In this tutorial, we will show you how to install and configuration of Cassandra on your CentOS 7. For those of you who didn’t know, Apache Cassandra is a NoSQL database intended for storing large amounts of data in a decentralized, highly available cluster. NoSQL refers to a database with a data model other than the tabular relations used in relational databases such as MySQL, PostgreSQL, and Microsoft SQL. The Apache Cassandra database is the right choice when you need scalability and high availability without compromising performance.
This article assumes you have at least basic knowledge of Linux, know how to use the shell, and most importantly, you host your site on your own VPS. The installation is quite simple and assumes you are running in the root account, if not you may need to add ‘
sudo‘ to the commands to get root privileges. I will show you the step-by-step installation of Apache Cassandra on a CentOS 7 server.
- A server running one of the following operating systems: CentOS 7.
- It’s recommended that you use a fresh OS install to prevent any potential issues.
- SSH access to the server (or just open Terminal if you’re on a desktop).
non-root sudo useror access to the
root user. We recommend acting as a
non-root sudo user, however, as you can harm your system if you’re not careful when acting as the root.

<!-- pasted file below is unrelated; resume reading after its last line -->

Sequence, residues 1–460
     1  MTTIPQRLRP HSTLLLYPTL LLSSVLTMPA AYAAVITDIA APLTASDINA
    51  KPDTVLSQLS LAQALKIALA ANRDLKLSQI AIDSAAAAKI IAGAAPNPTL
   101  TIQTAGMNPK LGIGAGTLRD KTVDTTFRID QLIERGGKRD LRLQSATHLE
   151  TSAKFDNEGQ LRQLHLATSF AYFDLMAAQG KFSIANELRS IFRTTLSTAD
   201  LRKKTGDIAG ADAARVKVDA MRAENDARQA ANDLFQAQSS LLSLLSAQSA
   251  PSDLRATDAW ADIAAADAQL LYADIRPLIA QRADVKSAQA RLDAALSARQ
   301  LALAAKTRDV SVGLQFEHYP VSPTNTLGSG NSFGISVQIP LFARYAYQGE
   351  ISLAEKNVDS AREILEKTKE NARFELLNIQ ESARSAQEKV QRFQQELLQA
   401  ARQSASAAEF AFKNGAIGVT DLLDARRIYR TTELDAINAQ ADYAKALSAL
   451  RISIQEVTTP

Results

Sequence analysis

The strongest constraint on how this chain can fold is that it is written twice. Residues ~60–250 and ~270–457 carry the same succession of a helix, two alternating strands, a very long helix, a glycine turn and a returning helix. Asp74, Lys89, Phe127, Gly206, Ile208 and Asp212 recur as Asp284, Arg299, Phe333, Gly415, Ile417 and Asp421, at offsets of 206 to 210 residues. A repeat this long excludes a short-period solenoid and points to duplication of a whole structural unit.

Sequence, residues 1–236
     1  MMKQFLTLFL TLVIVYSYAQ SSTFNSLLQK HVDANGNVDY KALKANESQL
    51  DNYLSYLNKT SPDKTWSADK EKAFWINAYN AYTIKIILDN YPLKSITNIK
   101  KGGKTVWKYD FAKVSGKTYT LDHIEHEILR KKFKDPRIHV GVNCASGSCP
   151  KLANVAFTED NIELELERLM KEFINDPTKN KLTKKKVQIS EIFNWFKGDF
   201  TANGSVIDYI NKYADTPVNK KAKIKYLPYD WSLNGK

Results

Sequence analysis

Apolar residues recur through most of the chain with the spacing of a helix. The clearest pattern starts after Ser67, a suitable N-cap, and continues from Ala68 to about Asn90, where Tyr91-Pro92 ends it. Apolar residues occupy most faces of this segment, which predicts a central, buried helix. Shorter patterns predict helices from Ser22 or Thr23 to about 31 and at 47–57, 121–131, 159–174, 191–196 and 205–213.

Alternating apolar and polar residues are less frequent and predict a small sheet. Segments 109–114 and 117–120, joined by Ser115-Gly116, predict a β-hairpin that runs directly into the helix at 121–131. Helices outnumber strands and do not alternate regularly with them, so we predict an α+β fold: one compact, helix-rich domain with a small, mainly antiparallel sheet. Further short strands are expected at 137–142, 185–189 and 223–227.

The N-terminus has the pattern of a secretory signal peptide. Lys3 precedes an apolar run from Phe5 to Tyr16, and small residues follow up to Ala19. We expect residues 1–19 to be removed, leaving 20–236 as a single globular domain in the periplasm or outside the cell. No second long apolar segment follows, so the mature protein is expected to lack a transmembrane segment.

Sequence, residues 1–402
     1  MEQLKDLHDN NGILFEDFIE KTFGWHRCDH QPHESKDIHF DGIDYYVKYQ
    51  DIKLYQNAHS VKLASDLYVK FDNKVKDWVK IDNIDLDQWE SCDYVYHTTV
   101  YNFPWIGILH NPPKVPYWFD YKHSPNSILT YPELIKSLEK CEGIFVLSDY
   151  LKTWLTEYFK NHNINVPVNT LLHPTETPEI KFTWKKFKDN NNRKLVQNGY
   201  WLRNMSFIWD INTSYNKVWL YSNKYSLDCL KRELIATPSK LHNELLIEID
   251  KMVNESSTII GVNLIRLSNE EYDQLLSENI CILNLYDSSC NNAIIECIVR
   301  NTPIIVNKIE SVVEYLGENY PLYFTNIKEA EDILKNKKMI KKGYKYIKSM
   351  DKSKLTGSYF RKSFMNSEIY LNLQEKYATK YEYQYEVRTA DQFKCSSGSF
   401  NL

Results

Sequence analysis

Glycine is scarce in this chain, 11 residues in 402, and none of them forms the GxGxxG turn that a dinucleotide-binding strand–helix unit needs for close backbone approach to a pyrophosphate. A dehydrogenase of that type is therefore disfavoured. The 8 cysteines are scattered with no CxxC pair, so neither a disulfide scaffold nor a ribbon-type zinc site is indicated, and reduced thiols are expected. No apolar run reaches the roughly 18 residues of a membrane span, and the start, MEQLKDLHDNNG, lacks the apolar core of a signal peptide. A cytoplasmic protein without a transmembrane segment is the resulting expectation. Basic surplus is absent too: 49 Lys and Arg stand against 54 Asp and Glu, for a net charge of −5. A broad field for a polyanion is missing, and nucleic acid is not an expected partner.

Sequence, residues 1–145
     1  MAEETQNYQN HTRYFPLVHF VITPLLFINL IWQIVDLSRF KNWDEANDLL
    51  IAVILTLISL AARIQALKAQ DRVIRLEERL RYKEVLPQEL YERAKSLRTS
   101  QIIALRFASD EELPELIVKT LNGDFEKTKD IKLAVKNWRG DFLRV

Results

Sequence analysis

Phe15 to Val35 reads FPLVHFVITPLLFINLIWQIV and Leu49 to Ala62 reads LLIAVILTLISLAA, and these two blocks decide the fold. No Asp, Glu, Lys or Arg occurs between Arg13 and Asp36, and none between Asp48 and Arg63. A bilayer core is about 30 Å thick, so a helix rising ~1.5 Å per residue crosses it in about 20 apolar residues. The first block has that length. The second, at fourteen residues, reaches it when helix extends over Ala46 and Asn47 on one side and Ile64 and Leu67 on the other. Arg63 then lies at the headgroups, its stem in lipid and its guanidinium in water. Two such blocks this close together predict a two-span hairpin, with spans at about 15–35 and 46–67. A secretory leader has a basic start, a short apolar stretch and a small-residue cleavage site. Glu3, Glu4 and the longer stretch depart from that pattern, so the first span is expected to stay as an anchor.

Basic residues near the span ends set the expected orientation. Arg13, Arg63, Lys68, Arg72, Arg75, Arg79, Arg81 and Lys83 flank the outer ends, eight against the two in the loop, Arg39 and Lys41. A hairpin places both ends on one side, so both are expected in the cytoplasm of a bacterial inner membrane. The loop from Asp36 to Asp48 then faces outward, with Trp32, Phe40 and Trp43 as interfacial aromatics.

Install Cassandra on CentOS 7
Step 1. First, let’s start by ensuring your system is up-to-date.
yum clean all yum -y update
Step 2. Installing Java for Cassandra.
Cassandra is written in Java. As such, you’ll need the Java VM installed in order to run it. Do so via Yum:
yum -y install java
Verify Installed Java version:
# java -version java version "1.8.0_40" Java(TM) SE Runtime Environment (build 1.8.0_40-b25) Java HotSpot(TM) 64-Bit Server VM (build 25.40-b25, mixed mode)
Step 3. Create
yum repo file for Cassandra.
Create a yum repo file that will get the packages from Datastax yum repository server:
Paste below the given content in the repo file:
[datastax] name = DataStax Repo for Apache Cassandra baseurl = http://rpm.datastax.com/community enabled = 1 gpgcheck = 0
Save and exit
Step 4. Installing Cassandra.
At this point, installing Cassandra is as simple as running just one command:
yum -y install dsc20
Get Cassandra Running:
systemctl start cassandra systemctl status cassandra systemctl enable cassandra
Let’s ensure that Cassandra is running using this command:
### cqlsh Connected to Test Cluster at localhost:9160. [cqlsh 4.1.1 | Cassandra 2.0.17 | CQL spec 3.1.1 | Thrift protocol 19.39.0] Use HELP for help. cqlsh>
Cassandra ships with a powerful command-line utility,
cqlsh. Launch it to perform various vital tasks with your database:
Congratulations! You have successfully installed Apache Cassandra. Thanks for using this tutorial for installing Cassandra on your CentOS 7 system. For additional help or useful information, we recommend you to check the official Apache Cassandra website.